Christmas at the Roundhouse is nod to Hub City's railroad history
Christmas at the Roundhouse featuring the Trains of Christmas is a labor of love for the volunteers who make it happen each year.
The annual event, which opened Friday, Nov. 17, and runs through Sunday, Feb. 18, at the Hagerstown Roundhouse Museum, 296 S. Burhans Blvd., features three holiday displays, according to board member Walter Jackson, who is in charge of the Trains of Christmas.
"There's been about nine of us working very hard to get this open today. So what you see today was a labor of love and an intensive effort of some of us," Jackson, 67, of Martinsburg, W.Va., said Friday at the museum.
Although the Trains of Christmas is not new to the museum, the display has been updated in the past two years.
"It used to change every year. And later, (the volunteers) decided that they were getting a little older and they didn't want to change it every year," Jackson said. "So they left it up and decided to just change some of the scenery out each year and then two years ago we decided that the track needed to be replaced. We ended up getting a grant to replace the track and in the process we decided we'd raise the layout up about six inches, so we built the benchwork, then I hand designed a new track layout."
The new layout was further modified with a computer design, which gave exact track dimensions.
"The grant we got (replaced) the track for all four levels, and then we rewired everything, put a lot of new bells and whistles in, and last year ... a lot of the old Christmas tree-style lights were replaced with the new LED lights," he said.
Jackson said he and other volunteers have added more to the display.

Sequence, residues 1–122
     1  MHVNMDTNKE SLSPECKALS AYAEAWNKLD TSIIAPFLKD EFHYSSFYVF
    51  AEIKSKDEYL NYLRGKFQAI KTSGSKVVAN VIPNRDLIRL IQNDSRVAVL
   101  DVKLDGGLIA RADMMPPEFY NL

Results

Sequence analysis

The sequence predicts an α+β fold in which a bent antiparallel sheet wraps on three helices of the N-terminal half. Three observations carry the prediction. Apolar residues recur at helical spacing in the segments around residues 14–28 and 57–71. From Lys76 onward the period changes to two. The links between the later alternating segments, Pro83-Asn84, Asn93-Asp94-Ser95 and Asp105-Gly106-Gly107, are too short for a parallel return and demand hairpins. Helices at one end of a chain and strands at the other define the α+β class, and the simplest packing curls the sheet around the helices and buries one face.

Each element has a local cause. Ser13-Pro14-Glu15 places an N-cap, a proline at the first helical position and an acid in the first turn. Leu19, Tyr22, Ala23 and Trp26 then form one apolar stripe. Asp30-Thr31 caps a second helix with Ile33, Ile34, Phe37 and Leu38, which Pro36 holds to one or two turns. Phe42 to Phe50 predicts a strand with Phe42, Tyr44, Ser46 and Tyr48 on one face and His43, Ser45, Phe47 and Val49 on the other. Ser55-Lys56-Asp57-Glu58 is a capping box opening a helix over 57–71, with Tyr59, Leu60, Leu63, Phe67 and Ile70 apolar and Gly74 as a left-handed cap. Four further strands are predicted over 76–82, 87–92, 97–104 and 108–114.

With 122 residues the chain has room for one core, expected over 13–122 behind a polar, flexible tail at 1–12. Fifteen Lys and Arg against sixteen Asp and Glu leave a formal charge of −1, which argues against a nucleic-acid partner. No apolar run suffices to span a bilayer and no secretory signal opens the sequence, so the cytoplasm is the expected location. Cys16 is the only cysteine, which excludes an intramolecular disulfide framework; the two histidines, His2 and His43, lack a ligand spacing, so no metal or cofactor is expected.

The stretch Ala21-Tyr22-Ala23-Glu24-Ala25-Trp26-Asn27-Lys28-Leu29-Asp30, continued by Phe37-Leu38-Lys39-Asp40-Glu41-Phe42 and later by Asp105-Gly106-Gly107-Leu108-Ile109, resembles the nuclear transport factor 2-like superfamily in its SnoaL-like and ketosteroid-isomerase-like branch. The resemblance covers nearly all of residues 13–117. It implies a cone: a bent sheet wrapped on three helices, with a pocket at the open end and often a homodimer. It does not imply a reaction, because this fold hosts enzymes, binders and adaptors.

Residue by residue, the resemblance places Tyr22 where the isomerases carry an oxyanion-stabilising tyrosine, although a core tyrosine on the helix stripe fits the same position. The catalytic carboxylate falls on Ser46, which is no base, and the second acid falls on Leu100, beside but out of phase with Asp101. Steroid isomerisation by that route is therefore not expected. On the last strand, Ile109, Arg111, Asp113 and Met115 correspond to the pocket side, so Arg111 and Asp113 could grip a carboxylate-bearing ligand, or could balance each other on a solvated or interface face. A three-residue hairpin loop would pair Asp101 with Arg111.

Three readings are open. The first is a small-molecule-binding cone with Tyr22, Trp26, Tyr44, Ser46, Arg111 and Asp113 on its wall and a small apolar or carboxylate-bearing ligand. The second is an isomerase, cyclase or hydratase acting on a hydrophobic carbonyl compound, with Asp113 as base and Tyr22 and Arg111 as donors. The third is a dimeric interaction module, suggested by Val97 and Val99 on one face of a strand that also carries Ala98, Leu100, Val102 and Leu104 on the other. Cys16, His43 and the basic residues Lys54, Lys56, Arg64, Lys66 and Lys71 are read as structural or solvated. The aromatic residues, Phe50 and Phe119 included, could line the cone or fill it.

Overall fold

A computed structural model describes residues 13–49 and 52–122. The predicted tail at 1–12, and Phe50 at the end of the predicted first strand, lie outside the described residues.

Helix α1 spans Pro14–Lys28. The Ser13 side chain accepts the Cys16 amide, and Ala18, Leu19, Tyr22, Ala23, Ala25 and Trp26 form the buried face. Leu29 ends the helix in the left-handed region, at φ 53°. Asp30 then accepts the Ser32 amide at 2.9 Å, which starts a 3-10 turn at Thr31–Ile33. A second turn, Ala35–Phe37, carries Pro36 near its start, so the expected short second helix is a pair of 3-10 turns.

"We didn't get a lot of the things done last year that we hoped, but instead of having one streetcar line — we put two last year — and then this year we added a roadway with actual cars moving. We figured the more animation, the better," he said.
A firehouse with a moving fire engine that visitors can operate was added, along with a drive-in theater, and more static cars on the display.
This year, the mountain scene is complete, whereas last year Jackson used cotton batting to emulate snow-covered peaks at the top of the train display.
Jackson's love of trains was spurred when he was a 3-year-old living with his family in Washington, D.C., and saw a circus train come to town.
"I have every train I ever got as a child. I've added to the collection, they all run. In fact, I brought one of my engines in today and I'm running it on the layout along with three of my street cars that are on the layout," he said.
Jackson, who is senior pastor at Wainwright Baptist Church in Charles Town, W.Va., said it's important to educate young visitors to the museum about railroad and other history through the Trains of Christmas.
"For me, this reminds me of the displays of my childhood, back in department store windows. And this is the way I tell the kids when they come in, 'This is (what) you saw when I was a child in department store windows,'" he said.
"There's some talking points that we have along the way. When we added the streetcars this year, I tell them there aren't many street car lines, there are some coming back, but growing up in D.C., that was the order of the day. So we use it as a teaching tool," he said.
In addition to the train room, there are two other displays in the museum.
"We have the back room decorated. We have another display in the back room of a three-rail train. (Upstairs there is) a two-rail display, an O-scale, an HO display. Theres's a three-rail display that the children can operate by pressing buttons, and the HO display which has a replica of the roundhouse that used to be behind the building here, that was torn down in 1999. And so we talk about the history, and why Hagerstown is called the Hub City," Jackson said.